It's often the small details that you don't notice at first. If truck tires become smaller, the load capacity must be adapted. We express this using the load index, which is information about the load capacity that is noted on the tire sidewall. This load index can be controlled by means of components inside the tire. In the tire we have reinforcement in the form of the carcass. It consists of a steel wire construction that absorbs all the pressure exerted on a tire. To increase the load capacity, you must therefore reinforce the carcass, for example. However, this has no effect on the shape of the tire. All our product lines in the truck and bus segment have already been extensively optimized with respect to rolling resistance and safety. Good rolling resistance hasn't just become a priority on foot of the trend toward electrification. In long haul operations, fuel and energy consumption is an important cost factor for our customers. The better a tire performs in terms of rolling resistance, wear behavior and above all safety, the more satisfied our customers are.


Continental presented the Conti e-MotionPro, a concept tire for electric vehicles, at the most recent IAA Commercial Vehicles. What are the main features of this prototype?

This tire is a concept, with which we are demonstrating future trends in tire development for electric vehicles. Our picture of the future is a world in which there are individually adapted tires for a wide variety of possible uses. In particular, we envisage specially designed treads that meet the new requirements for future vehicle generations. Our vision is of a tread that is highly resistant to wear, for example.


Rolling noise is also going to be a key issue. Because electric vehicles are comparatively quiet on the road, other noise can be heard more clearly.

That's right. A positive side effect of the electric drive is reduced noise emission from traffic. For us, however, this means that tire noise may become an issue. This is an extremely important field of research and development. One possible option is to modify the tread pattern geometry, as is the case with our Conti e-MotionPro concept tire. The aim is to make tires quieter.


So how do tires for electric vehicles sound compared with conventional tires? Do they hum, or does it sound more like a roar?

Tire noise contains higher-frequency components that make a buzzing sound. There are also low-frequency components that make a humming sound. This low-frequency humming tends to be regarded as annoying. A higher-frequency, slight buzzing sound is subjectively perceived as more pleasant. In this respect, our aim with new tire generations for electric vehicles is to reduce low-frequency humming.

Will this noise be the same all over the world? Or do you plan to develop country-specific tire noises?

Yes, tire noise can actually vary from region to region. As a first step, statutory requirements with respect to pass-by noise and other limits must be met. In tire development, however, there are also soft factors that influence subjective perception of certain factors by end users. We therefore have test drivers who are specially trained to assess tires on the basis of these parameters. These can vary from market to market. Noise is a major issue in Asia in particular. Here, higher-frequency tire noise is perceived as more disruptive than it is in Europe, for example. Tires can therefore sound different in Asia.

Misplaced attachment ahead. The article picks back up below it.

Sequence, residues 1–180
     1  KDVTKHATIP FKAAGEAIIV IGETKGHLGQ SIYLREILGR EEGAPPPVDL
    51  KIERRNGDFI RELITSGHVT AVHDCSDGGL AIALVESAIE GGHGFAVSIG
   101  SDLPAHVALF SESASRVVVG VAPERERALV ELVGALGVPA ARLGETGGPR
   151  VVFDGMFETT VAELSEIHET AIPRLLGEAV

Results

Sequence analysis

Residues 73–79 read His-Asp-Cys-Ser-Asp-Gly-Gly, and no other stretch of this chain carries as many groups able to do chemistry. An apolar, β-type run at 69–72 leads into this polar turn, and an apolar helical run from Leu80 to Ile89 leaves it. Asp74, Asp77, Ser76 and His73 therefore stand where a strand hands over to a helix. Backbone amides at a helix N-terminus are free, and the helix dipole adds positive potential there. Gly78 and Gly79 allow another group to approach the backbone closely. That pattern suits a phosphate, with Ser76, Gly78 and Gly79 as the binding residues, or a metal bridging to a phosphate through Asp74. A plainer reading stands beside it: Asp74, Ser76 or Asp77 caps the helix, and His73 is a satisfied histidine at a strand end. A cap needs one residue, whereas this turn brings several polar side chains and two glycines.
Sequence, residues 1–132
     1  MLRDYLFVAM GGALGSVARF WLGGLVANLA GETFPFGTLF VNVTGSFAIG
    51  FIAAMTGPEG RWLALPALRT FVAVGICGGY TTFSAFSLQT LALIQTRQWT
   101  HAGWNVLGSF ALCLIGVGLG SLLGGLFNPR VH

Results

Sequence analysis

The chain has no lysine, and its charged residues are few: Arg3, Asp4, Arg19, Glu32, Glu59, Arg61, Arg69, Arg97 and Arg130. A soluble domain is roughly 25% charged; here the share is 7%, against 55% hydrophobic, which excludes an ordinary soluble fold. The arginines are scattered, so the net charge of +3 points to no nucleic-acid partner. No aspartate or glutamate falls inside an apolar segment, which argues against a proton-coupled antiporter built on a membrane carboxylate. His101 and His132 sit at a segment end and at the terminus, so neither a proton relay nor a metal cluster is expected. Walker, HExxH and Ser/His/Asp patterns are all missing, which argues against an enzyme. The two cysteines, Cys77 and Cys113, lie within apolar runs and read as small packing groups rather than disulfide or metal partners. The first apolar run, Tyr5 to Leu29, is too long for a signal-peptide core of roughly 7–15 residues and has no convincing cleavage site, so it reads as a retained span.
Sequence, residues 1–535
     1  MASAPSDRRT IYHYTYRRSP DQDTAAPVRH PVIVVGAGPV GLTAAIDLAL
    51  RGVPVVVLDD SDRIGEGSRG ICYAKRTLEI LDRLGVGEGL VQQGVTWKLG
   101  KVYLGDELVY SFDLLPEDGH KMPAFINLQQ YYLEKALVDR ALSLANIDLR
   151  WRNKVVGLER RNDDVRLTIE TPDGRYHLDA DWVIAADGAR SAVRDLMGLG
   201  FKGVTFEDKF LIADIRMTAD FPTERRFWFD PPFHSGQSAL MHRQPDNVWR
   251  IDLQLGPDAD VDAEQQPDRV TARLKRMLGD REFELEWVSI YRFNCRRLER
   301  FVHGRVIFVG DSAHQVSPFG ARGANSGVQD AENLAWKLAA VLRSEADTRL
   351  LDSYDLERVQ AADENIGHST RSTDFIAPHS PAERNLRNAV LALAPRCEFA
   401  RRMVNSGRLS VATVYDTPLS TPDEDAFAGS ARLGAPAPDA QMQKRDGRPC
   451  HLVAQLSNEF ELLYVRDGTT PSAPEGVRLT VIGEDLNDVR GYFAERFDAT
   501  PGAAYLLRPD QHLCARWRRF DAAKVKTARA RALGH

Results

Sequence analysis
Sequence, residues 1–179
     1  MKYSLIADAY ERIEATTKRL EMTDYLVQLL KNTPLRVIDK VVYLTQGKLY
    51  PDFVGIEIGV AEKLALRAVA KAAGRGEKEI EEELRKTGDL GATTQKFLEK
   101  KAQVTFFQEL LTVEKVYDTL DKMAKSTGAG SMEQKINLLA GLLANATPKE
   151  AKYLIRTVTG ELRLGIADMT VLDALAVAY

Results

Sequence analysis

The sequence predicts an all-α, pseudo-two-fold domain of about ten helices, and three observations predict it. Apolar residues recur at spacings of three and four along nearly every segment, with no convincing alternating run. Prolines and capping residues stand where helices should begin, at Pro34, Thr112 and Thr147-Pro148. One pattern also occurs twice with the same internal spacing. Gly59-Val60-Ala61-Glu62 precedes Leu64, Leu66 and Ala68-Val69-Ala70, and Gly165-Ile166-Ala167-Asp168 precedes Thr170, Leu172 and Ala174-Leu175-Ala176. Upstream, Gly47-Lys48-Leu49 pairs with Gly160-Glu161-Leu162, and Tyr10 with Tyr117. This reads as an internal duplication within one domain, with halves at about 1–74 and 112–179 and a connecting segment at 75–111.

Let's talk about autonomous driving, which is an important issue in the commercial vehicle sector. Will special tires have to be developed for driverless trucks?

We are certainly thinking in that direction given the likelihood that tires on autonomous trucks will be subject to less stress. We need to investigate this in greater detail. Braking and starting off that is controlled electronically by an on-board computer is without doubt easier on tires than a human stepping on the brake or the accelerator. Drivers brake less calmly. They may also enjoy accelerating. The autonomous vehicle doesn't understand the concept of fun.


Autonomous vehicles can brake in a more anticipatory and gentle manner than a vehicle driven by a human. Does the importance of braking distance have an influence on tire development? Coupling trucks to create long, driverless transport caravans, the likes of which are already being trialed in Shanghai, reduces the risk of rear-end collisions.

It makes no difference whether we're talking about car or truck tires – safety is always our top priority. We will not bring tires with reduced braking performance onto the market, and that includes autonomous vehicles. An autonomous truck has, of course, a shorter reaction time, which has a positive effect on the braking distance. This provides a measure of additional safety that we will never give up. It also represents a further step in the direction of Continental's Vision Zero, to a world without accidents.